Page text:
UTI/Bladder Infection

Just like humans, dogs get UTIs and bladder infections.

In fact, older dogs are more prone to such issues as they are expected to go longer amounts of time without using the bathroom. Hormonal factors as animals age might also be part of the problem.

A vet is easily able to diagnose such an issue with a urine sample, and treatment is easy and inexpensive! Go get your dog checked out!

Bladder Control Issues Due to Age

Once again, as dog’s age, some bodily systems can start to struggle. Sadly, incontinence is an issue amongst many older dogs.

If this ends up being your issue, potty training might not be an option. Instead, I encourage you to look into helpful tools like doggy diapers that can be found in your local pet store.

Keeping your pup gated off in an area with hard floors that are easy to clean up might be a good idea. You could also invest in some doggy pee pads for indoors that your pup can use if they aren’t able to hold their urine until you are able to let them outside.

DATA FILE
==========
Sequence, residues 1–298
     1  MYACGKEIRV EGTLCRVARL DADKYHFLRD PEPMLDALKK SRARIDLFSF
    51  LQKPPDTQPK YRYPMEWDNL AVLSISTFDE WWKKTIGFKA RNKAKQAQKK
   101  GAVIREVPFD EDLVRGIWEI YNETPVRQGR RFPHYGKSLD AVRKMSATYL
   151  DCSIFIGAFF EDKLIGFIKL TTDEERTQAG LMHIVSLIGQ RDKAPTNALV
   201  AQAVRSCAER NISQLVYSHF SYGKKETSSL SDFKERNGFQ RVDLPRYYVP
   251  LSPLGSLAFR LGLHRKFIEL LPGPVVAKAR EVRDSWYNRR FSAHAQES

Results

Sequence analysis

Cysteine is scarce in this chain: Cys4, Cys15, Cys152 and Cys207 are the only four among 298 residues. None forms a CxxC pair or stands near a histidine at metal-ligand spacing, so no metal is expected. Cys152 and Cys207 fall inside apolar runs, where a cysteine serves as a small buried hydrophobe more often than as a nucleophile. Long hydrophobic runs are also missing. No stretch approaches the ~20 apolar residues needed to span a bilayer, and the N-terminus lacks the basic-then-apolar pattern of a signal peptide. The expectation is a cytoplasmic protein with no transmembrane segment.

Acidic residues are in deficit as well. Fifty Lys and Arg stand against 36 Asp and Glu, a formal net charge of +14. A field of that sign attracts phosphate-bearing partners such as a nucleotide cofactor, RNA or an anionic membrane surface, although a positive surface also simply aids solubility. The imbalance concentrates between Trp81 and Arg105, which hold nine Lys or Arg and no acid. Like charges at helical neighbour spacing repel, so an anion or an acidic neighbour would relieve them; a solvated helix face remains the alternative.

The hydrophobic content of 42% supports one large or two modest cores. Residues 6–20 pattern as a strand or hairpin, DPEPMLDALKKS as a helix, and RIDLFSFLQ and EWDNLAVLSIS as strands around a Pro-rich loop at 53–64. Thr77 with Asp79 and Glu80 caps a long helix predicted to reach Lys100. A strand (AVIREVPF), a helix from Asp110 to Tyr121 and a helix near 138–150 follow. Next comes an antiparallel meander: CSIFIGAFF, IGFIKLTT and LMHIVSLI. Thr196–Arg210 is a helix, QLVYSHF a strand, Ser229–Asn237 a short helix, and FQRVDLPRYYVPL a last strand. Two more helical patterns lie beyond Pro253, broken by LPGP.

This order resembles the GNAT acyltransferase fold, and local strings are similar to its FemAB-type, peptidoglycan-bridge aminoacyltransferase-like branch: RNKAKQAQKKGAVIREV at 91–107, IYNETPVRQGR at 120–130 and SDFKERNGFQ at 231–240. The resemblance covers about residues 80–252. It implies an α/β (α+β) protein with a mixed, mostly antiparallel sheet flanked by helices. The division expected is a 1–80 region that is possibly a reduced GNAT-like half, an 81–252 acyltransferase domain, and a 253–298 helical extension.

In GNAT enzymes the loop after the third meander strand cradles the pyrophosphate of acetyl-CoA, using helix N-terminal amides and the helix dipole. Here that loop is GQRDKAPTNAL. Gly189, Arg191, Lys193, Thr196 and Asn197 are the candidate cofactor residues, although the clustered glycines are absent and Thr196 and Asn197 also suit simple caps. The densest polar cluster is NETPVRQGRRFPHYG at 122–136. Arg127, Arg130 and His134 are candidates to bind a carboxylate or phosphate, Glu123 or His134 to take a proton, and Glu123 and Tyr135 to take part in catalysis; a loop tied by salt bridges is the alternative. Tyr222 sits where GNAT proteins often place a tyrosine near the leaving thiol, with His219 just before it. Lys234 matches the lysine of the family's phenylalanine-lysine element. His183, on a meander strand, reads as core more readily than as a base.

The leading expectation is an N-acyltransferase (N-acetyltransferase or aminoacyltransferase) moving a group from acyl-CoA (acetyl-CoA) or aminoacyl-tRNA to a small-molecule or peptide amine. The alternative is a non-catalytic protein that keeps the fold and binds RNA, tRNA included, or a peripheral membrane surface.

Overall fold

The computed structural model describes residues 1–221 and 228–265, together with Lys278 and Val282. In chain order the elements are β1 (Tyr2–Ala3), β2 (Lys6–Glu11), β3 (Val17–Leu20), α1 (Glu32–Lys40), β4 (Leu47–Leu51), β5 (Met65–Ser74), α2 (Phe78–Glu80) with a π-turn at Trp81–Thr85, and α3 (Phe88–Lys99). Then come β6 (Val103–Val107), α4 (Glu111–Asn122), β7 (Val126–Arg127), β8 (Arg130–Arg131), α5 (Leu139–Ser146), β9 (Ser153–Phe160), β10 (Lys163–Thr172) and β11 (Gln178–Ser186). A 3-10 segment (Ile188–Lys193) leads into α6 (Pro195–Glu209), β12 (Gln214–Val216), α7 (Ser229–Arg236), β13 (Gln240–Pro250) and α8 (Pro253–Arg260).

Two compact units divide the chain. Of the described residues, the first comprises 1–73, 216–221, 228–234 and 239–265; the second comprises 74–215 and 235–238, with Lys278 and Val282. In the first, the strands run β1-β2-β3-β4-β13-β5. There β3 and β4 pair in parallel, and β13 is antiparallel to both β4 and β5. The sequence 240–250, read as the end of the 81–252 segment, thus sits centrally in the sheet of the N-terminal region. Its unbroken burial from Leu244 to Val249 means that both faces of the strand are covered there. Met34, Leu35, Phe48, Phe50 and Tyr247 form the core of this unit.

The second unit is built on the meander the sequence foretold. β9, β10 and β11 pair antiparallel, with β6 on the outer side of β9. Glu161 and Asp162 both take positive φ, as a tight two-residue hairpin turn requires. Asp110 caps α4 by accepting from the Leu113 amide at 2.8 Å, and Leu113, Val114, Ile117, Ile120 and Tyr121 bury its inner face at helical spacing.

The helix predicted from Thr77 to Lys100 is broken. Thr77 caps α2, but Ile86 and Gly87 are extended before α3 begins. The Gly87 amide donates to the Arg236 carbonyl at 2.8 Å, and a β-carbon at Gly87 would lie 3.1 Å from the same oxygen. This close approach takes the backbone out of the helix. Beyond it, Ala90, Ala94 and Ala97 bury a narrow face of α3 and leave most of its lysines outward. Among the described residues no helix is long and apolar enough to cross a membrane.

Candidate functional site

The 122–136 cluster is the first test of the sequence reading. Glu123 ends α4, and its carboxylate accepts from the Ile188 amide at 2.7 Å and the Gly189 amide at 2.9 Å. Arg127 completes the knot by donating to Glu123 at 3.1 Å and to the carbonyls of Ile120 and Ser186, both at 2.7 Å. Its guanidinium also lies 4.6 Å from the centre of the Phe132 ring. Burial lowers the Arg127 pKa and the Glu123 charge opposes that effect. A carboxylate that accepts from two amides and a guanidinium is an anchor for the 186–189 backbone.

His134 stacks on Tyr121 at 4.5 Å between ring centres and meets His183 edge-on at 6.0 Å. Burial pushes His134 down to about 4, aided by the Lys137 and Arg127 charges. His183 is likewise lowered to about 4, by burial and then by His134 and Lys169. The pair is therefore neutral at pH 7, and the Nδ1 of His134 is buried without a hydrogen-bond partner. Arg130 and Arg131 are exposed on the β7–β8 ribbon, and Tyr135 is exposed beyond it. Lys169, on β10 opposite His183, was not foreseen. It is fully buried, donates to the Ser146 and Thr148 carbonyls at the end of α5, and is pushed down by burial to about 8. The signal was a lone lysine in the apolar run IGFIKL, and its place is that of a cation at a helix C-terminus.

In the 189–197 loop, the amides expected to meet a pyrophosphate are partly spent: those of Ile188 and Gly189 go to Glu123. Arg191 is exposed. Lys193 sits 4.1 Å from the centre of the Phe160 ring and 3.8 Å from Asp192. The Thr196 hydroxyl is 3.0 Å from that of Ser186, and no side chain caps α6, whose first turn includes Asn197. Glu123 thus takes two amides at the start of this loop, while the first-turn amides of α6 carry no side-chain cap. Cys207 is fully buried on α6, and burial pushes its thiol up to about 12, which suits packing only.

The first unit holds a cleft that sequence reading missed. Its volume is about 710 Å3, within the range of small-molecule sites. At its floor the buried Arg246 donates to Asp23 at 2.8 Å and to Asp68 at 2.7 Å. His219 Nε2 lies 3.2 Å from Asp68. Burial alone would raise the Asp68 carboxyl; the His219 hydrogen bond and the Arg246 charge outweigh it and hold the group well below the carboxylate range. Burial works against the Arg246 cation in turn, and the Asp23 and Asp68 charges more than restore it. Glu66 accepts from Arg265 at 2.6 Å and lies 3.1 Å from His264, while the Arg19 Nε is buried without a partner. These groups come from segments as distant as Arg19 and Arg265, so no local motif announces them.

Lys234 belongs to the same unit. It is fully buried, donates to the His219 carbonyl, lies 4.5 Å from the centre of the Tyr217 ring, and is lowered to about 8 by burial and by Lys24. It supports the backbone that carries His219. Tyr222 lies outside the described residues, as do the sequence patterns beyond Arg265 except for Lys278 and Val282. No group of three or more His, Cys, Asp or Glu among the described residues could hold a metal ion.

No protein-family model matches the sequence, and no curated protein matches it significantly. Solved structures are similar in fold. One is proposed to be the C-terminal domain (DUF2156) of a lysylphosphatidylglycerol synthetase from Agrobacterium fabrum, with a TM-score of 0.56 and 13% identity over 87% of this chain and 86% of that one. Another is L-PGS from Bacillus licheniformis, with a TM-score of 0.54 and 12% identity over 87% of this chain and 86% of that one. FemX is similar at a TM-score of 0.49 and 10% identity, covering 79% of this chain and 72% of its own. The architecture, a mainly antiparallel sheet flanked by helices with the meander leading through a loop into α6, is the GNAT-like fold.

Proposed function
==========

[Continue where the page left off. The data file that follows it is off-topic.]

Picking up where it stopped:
It’s also possible your dog might need access to the outdoors 24/7. A doggy door might solve this problem, or it’s possible your dog might need to be set up to live outdoors. If that’s the case, be sure to do plenty of research to ensure you set your dog up with a safe and comfy space, a warm place to sleep, and plenty of fresh water.

Stress or Anxiety

If you’ve just adopted an older dog, there’s always the possibility that he/she came from a scary or abusive home. Mistreatment can often lead to potty training issues, especially if a dog was brutally punished for using the bathroom in the wrong place.

Aside from abuse, anxiety from being in a new home with new people might also be causing your dog to stress-eliminate in your home.

The only solution to fixing this problem is to get your dog to calm down and relax. It’s a mental game…you’ve got to get your new dog to understand that you’re going to be a kind and gentle provider/leader in your home so that they don’t have to be so worried and worked up all the time.

How do you do that? My Dog Calming Code™ program walks you through all the steps of how to get your dog to calm down, relax, and listen to you when it matters most.